Begin Free Online Ordination

The Holy BibleRelevant Magazine, a Christian lifestyle magazine geared towards Millenials, recently posted an article “Why do Christians want to post the 10 Commandments and not the Sermon on the Mount?”. Article author Andy Stanley argues that the 10 Commandments are from the old covenant, the law of Moses that modern-day Christians generally aren’t required to abide by, and thus are less relevant to modern life than New Testament passages. Indeed, there are many Old Testament laws and customs that no longer have a place in modern society. After all, we don’t sacrifice animals as they did in the Old Testament. For a less extreme example, most Christians eat pork and shrimp, two foods not allowed under Jewish laws.

Stanley is arguing that monuments that celebrate the 10 Commandments are outdated and have little relevance to modern Christians, so Christians should create monuments that actually apply to them, like the Sermon on the Mount. But is the old covenant entirely irrelevant? There are those who disagree and have suggested that the Old Testament is vital to understanding who God is and the history of Christianity.

Comparing the 10 Commandments and the Sermon on the Mount

The biggest difference is tone. The 10 Commandments were written in the negative, “thou shalt not commit adultery.” It’s one of the key differences between the two events. In the 10 Commandments, we get a picture of God that is mean and loud, not very user-friendly. God seems more distant and uncaring about individuals.

The Sermon on the Mount is spoken in the positive. Undoubtedly, the passage (also known as The Beatitudes) is one of the most beautiful in the New Testament. Most of us are probably familiar with it:

Blessed are the poor in spirit,

   for theirs is the kingdom of heaven.

Blessed are those who mourn,

   for they will be comforted.

Blessed are the meek,

   for they will inherit the earth.

Blessed are those who hunger and thirst for righteousness,

   for they will be filled.

Blessed are the merciful,

   for they will be shown mercy.

Blessed are the pure in heart,

   for they will see God.

Blessed are the peacemakers,

   for they will be called children of God.

Blessed are those who are persecuted because of righteousness,

   for theirs is the kingdom of heaven.

The Sermon on the Mount gives people an entirely different point-of-view of God. This time, God is seen as caring, gentle, loving and compassionate. Isn’t it this God that most people want to know? While there are distinct similarities in sentiment between the 10 Commandments and the Sermon on the Mount, the emotion behind them is entirely different. Stanley says that this vision of a more loving, compassionate God is more in-tune with modern-day Christianity.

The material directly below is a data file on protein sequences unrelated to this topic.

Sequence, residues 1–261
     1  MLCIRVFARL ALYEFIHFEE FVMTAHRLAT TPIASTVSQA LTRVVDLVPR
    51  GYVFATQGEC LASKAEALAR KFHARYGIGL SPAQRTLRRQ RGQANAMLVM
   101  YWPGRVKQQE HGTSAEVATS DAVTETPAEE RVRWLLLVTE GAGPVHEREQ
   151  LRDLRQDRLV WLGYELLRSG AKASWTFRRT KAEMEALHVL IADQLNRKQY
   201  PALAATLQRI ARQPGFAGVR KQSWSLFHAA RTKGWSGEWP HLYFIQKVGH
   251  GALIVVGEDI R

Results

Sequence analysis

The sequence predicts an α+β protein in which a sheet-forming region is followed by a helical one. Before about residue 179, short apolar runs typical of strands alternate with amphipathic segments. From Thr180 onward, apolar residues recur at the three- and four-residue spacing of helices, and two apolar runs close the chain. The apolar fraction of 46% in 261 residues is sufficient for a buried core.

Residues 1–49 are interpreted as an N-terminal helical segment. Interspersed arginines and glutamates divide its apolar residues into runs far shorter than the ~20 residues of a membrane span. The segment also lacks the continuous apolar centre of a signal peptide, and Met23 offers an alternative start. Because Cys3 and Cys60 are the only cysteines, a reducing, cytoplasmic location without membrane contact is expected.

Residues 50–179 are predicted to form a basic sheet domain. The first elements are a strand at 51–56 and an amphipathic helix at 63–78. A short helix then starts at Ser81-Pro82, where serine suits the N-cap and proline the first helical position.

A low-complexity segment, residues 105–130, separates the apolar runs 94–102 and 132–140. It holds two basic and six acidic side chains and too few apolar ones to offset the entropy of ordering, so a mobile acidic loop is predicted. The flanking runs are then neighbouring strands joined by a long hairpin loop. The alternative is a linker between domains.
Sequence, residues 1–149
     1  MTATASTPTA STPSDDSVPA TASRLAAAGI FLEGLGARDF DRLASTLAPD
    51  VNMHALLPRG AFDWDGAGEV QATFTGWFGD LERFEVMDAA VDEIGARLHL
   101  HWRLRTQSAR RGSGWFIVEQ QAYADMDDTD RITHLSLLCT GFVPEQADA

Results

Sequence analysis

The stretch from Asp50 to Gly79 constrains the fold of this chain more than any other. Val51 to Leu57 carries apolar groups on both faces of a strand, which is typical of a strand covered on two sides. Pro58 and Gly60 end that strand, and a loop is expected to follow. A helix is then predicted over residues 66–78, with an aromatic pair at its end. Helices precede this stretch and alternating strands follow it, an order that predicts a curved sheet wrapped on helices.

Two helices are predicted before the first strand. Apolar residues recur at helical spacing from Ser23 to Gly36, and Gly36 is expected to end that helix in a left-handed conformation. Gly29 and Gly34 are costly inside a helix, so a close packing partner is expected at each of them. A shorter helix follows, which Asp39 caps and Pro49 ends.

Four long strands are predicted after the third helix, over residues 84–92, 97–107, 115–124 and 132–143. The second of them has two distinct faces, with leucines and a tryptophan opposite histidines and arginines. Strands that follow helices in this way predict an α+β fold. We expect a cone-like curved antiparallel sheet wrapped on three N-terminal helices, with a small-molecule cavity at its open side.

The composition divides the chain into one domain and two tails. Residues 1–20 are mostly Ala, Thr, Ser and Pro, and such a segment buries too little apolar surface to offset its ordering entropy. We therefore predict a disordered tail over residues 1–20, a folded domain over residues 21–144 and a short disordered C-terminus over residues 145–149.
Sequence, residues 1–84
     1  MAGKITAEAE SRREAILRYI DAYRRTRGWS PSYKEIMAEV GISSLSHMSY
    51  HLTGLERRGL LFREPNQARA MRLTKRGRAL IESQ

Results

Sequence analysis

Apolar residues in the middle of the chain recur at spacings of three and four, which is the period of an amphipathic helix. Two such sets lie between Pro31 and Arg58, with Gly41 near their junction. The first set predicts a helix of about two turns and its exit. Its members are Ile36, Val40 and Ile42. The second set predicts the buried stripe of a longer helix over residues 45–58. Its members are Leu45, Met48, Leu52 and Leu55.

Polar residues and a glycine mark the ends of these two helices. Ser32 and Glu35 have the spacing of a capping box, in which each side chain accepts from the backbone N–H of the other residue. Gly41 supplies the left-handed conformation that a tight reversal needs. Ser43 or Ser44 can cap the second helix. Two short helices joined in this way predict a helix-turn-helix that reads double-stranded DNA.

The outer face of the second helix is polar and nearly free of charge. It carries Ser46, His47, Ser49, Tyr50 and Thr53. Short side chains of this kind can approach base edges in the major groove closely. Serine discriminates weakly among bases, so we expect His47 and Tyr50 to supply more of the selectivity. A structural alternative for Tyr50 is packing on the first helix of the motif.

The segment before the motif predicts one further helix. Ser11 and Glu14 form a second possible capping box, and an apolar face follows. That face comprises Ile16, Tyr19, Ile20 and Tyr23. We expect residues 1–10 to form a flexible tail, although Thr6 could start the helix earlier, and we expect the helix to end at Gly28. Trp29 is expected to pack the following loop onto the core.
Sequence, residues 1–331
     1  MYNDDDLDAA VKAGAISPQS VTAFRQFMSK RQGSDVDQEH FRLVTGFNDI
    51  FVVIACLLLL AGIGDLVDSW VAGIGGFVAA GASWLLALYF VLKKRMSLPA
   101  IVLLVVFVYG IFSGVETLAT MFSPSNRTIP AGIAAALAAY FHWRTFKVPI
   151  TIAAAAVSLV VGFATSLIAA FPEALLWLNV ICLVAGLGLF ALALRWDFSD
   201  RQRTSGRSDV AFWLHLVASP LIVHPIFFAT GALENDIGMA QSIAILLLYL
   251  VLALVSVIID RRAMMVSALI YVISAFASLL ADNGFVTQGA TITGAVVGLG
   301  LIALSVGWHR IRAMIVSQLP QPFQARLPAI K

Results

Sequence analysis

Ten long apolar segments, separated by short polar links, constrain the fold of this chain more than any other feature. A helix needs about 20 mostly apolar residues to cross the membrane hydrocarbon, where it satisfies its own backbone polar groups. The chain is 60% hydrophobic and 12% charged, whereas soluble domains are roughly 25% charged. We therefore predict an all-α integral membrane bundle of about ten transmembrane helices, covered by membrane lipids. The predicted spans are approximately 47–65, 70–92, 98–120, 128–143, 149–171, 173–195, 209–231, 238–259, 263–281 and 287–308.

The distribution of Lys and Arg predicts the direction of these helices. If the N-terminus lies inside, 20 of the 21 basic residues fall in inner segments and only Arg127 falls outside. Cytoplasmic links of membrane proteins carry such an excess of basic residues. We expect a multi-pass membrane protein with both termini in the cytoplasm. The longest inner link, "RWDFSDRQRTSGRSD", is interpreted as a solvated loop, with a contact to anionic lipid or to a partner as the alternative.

The Early Church Didn’t Have the Bible as We Know It

Stanley also argues that Jesus freed Christians from the Old Testament. In the early church, the Christian followers didn’t have the scriptures as we know them. The early Christians were steeped in Jewish culture and it took many years for them to move into the framework that Jesus envisioned for the church.

But the Old Testament permeates much of what the church still does. Can we, like Stanley believes, “unhitch” from the Old Testament? Would the Psalms take on as much meaning without the laws under the old covenant? Could we appreciate the Israelites’ deliverance without understanding their traditions and tenets?

On the other hand, the moral principles of the Old Testament are vital to God’s character. Jesus referenced the Old Testament teachings time and time again throughout his ministry. Yet, he did tell his followers that he came to fulfill the old covenant and create something new.

Additionally, the Sermon on the Mount doesn’t negate the Ten Commandments. Jesus commanded his followers to love one another, which is the same message in the Ten Commandments, despite being stated in negative terms. The 10 Commandments were given to people coming out of an authoritarian situation. They’d been in captivity for generations. The phrasing of the text of the Commandments might have been to help give them as a stern, unambiguous framework in which to operate as they learned how to be free.

Imagine if Christians lived by the Sermon on the Mount instead of the laws of the Old Testament. One could derive an entire alternate history of the world by approaching periods of religious fanaticism through the more compassionate lens of the New Testament. Would the Inquisition have happened? It’s hard to imagine priests torturing who they thought were unfaithful with the words “blessed are the merciful” more prominent than “thou shalt not have any Gods before me.” Would the Salem Witch Trials have occurred? Would the Ku Klux Klan exist?

The Old Testament and New Testament are vital elements of a Christian’s faith. But understanding the historical differences between them is every Christian’s responsibility. Should Christians, as Stanley suggests, abandon the 10 Commandments because they are from the old covenant? Or is there still value in those lessons for a modern audience?

Category: Society Church

culture religion

Add Your Comment

To post a comment you must log in first.
You may alternatively login with your credentials, below.